The Polish-Italian painter Marcello Bacciarelli, was born in Rome on 16th February 1731.

By: Amy Fredrickson and Alexis Culotta 

The Polish-Italian painter Marcello Bacciarelli, was born in Rome on 16th February 1731. He studied under the proto-Neoclassical painter, Marco Benefial. Famous for his Neoclassical compositions and “Grand Manner” portraits, akin to elder contemporary Pompeo Batoni, Bacciarelli trained in Rome but found early artistic acclaim amidst the Polish royal court. Upon the recommendation of architect Gaetano Chiaveri, the Polish King, Augustus III, appointed Bacciarelli as a court painter in the early 1750s, and the following decades saw Bacciarelli at the beck and call of both Austrian and Polish aristocrats, seeking his tasteful painterly style. 

While working in Dresden, Marcello met the artist Bernardo Bellotto and they formed a long-lasting, working relationship. He also met the miniature portraitist Federicka Richter, whom he later married. Following King Augustus’ death, Marcello moved to Vienna where he painted a series of portraits depicting the imperial family.

From Vienna, he moved on to Warsaw. His success continued into the early years of the 19th century, receiving constant patronage from the Polish royal family. He was recruited by King Stanisław II Augustus, the last Polish king of the Polish–Lithuanian Commonwealth, in 1768 to become the Director of the newly founded Academy of Arts of Warsaw, as well as director of the royal buildings and estates. While working in Warsaw, he painted a set of portraits of nearly all the Polish kings, beginning from Bolesław I the Brave to the last king of the Polish-Lithuanian Commonwealth, Stanisław II Augustus. 

In addition to these regal commissions, which included both portraitures and painted scenes from Polish history for display within the Royal Castle, Bacciarelli also nurtured future, artistic talent in his studio. Among his many studio participants was the notable portrait painter Alexander Kucharski (or Kucharsky), who channeled Bacciarelli’s artistic approach into his own style. He also trained another notable pupil, Kazimierz Wojniakowski. Bacciarelli remained committed to painting until shortly before his death on 5th January 1818.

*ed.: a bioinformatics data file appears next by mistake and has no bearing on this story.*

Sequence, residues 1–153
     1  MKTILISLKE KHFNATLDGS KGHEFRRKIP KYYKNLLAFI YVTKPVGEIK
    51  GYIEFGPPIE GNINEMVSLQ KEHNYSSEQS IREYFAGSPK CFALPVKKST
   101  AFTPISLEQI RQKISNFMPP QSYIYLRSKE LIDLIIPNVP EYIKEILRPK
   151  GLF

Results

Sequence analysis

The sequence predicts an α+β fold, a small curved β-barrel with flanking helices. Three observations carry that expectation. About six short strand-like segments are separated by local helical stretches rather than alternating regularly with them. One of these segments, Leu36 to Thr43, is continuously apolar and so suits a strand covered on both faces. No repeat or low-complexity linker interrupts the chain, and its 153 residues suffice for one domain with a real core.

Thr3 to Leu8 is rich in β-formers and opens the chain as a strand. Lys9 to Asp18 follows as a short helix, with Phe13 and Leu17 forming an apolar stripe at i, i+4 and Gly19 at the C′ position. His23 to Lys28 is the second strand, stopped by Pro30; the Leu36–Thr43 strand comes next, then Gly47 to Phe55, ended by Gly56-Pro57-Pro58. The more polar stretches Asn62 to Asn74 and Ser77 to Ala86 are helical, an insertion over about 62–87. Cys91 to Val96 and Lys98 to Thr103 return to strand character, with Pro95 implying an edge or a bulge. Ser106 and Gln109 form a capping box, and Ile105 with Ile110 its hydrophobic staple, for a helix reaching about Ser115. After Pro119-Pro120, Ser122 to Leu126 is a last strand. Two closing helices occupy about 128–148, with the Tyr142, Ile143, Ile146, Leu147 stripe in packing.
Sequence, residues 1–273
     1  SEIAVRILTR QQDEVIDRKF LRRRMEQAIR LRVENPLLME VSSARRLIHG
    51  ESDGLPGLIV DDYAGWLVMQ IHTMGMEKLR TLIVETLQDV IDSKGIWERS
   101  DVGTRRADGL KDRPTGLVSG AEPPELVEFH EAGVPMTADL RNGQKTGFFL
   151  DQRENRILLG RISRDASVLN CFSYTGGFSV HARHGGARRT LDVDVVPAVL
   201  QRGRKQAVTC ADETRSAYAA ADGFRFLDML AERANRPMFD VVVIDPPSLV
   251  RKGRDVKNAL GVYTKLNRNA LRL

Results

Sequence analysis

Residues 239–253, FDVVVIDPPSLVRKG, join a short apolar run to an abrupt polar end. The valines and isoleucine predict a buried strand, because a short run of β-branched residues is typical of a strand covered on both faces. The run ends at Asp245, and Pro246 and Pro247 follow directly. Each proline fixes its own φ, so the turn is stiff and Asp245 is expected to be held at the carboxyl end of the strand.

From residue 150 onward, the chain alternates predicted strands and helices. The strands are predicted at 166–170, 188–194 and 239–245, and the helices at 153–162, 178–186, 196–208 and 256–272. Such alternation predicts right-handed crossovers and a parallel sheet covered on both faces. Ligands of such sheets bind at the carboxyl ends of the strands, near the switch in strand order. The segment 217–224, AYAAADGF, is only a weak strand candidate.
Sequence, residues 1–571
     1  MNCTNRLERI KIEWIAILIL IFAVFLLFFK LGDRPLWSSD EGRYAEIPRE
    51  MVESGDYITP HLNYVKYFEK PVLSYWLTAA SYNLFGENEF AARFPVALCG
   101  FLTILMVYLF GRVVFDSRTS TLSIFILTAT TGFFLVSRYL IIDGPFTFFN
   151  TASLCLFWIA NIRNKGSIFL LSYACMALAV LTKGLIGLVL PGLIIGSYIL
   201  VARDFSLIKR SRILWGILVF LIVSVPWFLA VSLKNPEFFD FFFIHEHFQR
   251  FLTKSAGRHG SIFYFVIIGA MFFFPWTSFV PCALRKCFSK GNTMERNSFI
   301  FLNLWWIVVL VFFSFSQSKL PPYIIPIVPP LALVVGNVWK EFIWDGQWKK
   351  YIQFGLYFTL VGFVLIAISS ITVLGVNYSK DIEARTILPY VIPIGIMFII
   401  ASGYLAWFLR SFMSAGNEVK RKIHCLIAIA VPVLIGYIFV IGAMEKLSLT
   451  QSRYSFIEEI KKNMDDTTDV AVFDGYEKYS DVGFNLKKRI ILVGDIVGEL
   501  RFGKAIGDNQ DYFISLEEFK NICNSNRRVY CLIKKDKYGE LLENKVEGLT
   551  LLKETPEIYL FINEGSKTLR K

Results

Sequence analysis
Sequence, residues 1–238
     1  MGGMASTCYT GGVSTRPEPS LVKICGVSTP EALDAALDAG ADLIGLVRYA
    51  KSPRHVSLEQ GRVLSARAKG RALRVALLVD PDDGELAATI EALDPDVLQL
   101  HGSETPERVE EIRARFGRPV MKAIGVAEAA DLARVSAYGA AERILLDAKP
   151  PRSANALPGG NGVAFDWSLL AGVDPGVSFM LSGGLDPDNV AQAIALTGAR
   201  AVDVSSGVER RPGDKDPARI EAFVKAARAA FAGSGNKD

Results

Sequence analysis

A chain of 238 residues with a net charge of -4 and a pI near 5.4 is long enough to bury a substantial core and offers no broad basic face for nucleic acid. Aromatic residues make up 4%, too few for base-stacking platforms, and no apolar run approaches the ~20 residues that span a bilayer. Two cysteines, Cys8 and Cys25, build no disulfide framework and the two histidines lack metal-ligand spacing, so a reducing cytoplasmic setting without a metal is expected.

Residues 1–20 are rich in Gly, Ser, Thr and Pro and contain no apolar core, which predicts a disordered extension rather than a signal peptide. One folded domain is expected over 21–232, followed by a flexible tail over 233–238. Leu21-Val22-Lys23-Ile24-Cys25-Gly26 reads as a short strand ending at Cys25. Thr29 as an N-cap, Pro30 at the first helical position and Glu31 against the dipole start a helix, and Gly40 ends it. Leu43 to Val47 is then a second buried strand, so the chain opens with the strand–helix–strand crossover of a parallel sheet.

Self Portrait, 1793. Oil on canvas. National Museum, Warsaw. 

Portrait of Heinrich Graf von Brühl, c. 1753. Gemäldegalerie Alte Meister, Dresden. 

Portrait of Isabel Lubomirska (Elżbieta Czartoryska), 1770s. Oil on canvas. Museum of King Jan III’s Palace at Wilanów, Warsaw.

Portrait of Actress Anna Lampel, c. 1800. National Museum, Warsaw.

Holy Isidore – The Blessing of Work, 1805. National Museum, Warsaw.


References:

Ciechanowiecki, Andrew. “Polish Art Treasures at the Royal Academy.” The Burlington Magazine 112, no. 803 (1970): 120-24.

Faldi, Italo. “Painting in Italy in the Eighteenth Century: Rococo to Romanticism.” The Burlington Magazine 113, no. 822 (1971): 563-71.

Ford, Brinsley. “Portraits of the English Abroad in Countries Other than Italy.” Studies in the History of Art 25 (1989): 95-119.

Mikoś, Michael J. “The Polish Kings and Cartography.” Imago Mundi 41 (1989): 76-86. 


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